While this is not a carbon copy of cloud architecture, one could imagine a companion cloud-native service from Azure SQL Database that runs SQL -- or Spark -- against data stored in Azure Blob storage or ADLS. One can always dream.
The cloud parallels for SQL Server 2019 Hadoop support further extend to containerization. The first trappings of container (and Kubernetes) support came in SQL Server 2017, but it was limited to TestDev sandboxes because of the lack of high availability/disaster recovery capability. With that gap addressed in the 2019 release, SQL Server 2019 can operate in Docker containers that are orchestrated by Kubernetes High Availability Disaster Recovery (HADR) scenarios. One could imagine the parallels with cloud where Azure Service Fabric is used for HADR.
There's another piece that makes the experience of running SQL Server look like you're running in the cloud: Azure Data Studio. Known as SQL Operations Studio while it was in preview, Azure Data Studio this week entered general release. It provides a database developer's IDE for coding T-SQL or Spark that can be used with SQL Server, Azure SQL DB and Azure SQL Data Warehouse from Windows, macOS and Linux. You develop T-SQL or Spark, but it doesn't matter whether you're working in SQL Server or Azure SQL Database.
On the cloud side, Azure SQL Database introduces a new hyperscale capability that emphasizes how cloud databases differ from on premise. As the name implies, hyperscale scales out the database, with Microsoft currently claiming support of up to 100 TBytes, at least for now. Faster cloud network speeds in conjunction with decoupling of compute, storage, and log writes make hyperscale possible.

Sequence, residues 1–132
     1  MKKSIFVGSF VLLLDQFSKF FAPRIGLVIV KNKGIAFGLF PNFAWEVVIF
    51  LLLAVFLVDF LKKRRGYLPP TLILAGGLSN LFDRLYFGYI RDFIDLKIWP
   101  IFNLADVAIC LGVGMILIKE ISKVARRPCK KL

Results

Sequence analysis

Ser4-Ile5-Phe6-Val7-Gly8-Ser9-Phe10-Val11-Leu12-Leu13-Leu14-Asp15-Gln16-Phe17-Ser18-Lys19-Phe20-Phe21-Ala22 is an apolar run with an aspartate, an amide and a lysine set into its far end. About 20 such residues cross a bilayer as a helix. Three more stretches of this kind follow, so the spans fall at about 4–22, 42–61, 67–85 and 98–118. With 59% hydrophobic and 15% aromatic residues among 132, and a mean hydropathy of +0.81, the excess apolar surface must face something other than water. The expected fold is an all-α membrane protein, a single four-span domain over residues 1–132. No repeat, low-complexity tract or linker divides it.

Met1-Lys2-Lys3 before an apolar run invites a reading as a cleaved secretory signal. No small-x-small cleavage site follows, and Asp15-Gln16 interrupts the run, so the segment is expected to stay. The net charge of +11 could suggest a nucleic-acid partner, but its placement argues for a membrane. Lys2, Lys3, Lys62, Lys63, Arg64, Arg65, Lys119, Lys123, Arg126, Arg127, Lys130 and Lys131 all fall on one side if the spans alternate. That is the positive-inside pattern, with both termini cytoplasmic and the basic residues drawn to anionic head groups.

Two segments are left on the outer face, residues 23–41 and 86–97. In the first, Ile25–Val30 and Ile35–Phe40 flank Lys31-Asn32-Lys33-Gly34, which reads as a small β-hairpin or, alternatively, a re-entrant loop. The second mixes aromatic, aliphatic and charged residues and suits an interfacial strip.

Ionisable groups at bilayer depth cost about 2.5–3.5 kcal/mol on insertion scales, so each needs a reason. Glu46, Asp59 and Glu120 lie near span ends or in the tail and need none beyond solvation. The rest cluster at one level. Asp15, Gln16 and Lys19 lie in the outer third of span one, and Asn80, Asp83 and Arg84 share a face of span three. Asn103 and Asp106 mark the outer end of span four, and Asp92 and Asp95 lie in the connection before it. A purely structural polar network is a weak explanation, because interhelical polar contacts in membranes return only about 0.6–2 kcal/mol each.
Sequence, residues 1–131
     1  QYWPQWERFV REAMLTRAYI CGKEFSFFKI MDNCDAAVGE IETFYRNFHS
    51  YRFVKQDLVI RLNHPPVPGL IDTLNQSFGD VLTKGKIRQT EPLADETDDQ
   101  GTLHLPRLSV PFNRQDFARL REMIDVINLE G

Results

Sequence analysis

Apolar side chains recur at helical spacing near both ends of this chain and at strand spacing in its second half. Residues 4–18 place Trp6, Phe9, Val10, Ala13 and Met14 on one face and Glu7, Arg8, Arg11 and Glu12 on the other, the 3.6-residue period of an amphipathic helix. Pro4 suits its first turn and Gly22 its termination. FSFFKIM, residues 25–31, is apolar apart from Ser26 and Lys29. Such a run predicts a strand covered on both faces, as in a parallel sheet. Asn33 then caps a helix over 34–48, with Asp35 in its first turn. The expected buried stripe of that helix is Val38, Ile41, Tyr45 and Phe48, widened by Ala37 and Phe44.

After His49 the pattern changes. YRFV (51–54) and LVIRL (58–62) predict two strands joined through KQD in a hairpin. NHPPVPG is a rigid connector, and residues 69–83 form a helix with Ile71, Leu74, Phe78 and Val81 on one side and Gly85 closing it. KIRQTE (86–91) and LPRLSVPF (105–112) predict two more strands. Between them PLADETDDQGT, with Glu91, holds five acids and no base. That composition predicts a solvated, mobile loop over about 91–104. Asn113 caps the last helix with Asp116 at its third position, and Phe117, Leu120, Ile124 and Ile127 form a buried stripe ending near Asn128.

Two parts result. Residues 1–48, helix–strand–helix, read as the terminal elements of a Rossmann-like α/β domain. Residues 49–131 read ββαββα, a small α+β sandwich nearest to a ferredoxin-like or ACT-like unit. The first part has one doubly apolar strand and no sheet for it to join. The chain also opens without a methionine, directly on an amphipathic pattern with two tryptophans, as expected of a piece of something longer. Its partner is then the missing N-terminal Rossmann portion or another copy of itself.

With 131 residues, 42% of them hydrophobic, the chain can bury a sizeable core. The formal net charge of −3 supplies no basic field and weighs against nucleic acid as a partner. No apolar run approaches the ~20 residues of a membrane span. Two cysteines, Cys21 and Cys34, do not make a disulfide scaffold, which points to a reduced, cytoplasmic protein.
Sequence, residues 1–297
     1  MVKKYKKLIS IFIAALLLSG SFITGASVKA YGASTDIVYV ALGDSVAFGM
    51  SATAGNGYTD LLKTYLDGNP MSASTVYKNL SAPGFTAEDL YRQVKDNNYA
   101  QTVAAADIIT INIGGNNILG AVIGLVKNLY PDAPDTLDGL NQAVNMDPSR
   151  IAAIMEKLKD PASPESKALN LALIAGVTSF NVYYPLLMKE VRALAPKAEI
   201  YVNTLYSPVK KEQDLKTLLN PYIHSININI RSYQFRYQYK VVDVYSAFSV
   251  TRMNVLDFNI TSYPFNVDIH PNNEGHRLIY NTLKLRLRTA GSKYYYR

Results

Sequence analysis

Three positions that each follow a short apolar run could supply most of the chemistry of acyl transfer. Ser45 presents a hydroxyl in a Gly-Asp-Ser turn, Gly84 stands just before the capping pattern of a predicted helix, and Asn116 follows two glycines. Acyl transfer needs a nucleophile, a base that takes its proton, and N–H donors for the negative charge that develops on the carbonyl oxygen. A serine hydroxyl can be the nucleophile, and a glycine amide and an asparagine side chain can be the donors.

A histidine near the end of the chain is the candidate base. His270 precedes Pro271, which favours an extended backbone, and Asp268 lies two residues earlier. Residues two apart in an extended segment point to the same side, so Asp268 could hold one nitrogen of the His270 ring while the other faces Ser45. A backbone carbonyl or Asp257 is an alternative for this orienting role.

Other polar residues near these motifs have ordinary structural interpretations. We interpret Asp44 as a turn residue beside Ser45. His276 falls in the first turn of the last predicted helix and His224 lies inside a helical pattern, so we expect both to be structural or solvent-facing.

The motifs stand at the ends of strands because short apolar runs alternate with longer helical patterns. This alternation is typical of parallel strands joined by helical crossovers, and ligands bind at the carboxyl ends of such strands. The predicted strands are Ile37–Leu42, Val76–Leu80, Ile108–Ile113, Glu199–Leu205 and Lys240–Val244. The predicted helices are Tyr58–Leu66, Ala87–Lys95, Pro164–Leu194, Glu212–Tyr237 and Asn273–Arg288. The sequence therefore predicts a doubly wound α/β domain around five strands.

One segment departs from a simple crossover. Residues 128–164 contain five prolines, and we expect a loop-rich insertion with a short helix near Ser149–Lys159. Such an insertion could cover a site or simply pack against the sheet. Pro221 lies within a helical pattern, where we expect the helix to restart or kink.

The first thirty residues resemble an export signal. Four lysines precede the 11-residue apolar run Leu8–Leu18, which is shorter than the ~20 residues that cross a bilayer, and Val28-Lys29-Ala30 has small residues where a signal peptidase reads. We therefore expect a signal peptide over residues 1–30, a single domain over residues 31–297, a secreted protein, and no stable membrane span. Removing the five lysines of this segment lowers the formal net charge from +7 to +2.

Hyperscale works by using a service fabric relying on a Paxos consensus approach for ACID consistency. Transactions are processed with the primary compute node writing logs to a log tier, while separately fetching data pages either from local cache (for hot data) or page servers (for cooler data). This means that hyperscale can support data tiering, exploiting the variety of storage options available in the cloud. The database automatically partitions itself for scale out, while snapshots address one of the big show-stoppers for large transaction databases: speeding database recovery operations from hours or days to minutes. In turn, elasticity allows you to scale compute for multi-terabyte databases up or down within minutes.
The hyperscale capability of Azure SQL Database provides a case in point of how cloud and on-premise databases can both differentiate and mimic one another. In the cloud, the abstracted architecture that separates compute, logs, and storage is useful for providing elasticity. On premises where compute and storage capacity are more finite, those same features could be used for accelerating maintenance, backups, and database commits if Microsoft were to extend those capabilities to SQL Server.
And while we're on the topic of extensibility for hyperscale, the modular way that Microsoft implemented this feature could also pave the way for extension to Azure's other relational database services like MySQL, MariaDB, and PostgreSQL. While Microsoft is not saying what it will do with hyperscale in the future, our take is never say never.